Aberdeen University has confirmed it is launching a new undergraduate class in North East Scots and Doric later this month.
The venture, which has been initiated by the Elphinstone Institute, will offer students the chance to learn the language alongside French, German and Mandarin, has been described as a “great step for the university”.
Dawn Leslie, a teaching fellow at the university, will be in charge of the introductory course, which will run for 11 weeks during the September-December teaching session and is open to all undergraduate students.
She said: “It is ideal for anyone with an interest in Scots language, whether it is for general communication, a view to researching Scots in the future, or just out of curiosity.
“We are also especially keen to reach out to trainee teachers who might want to take the course to help them deliver Scots in the classroom.
“Due to the present circumstances, the plan is for the course to run in a blended format with the material delivered in the university’s Virtual Learning Environment, using video lectures combined with interactive features.”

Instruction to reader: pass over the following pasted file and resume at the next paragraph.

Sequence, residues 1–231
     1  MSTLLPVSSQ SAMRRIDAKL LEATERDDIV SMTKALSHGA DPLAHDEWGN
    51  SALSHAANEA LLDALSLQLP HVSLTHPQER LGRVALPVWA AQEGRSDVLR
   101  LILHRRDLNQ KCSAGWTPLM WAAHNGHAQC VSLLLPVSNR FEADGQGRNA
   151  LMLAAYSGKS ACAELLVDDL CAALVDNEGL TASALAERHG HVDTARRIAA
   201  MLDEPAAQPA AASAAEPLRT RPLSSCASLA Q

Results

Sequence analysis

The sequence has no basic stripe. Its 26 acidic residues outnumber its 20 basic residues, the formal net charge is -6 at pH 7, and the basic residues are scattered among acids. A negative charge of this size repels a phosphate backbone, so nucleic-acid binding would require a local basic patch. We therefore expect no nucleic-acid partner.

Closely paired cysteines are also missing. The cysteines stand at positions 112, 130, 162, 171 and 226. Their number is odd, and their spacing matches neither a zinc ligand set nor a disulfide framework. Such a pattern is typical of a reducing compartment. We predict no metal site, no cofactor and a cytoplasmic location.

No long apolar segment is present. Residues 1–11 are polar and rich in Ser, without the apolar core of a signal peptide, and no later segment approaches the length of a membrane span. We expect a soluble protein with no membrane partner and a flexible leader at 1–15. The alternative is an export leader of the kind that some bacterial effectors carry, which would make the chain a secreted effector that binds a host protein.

Some educationalists worked to eradicate Doric and other forms of the language after the Second World War and youngsters were punished for speaking anything other than English.
But in recent times, there has been a variety of initiatives to turn the tide, including the creation of the Doric Film Festival in 2019.
Dr Thomas McKean, chairman of the institute, said he was excited by the news and hoped many students would react positively to the initiative.
He told the Press and Journal: “During the last few years, many people have asked me where they can learn Doric and they have been surprised that such a rich part of north-east life is not formally taught.
“Some grew up with it, others are interested visitors, and now we have an answer.
“From our Doric ‘Messiah’ to poetry slams and hip-hop workshops, the institute is aiming to create parity for this language, whether in schools and universities, or in civic and political life.
“This course is a great step forwards in that goal and exemplifies the university’s commitment and debt to the north east language.”
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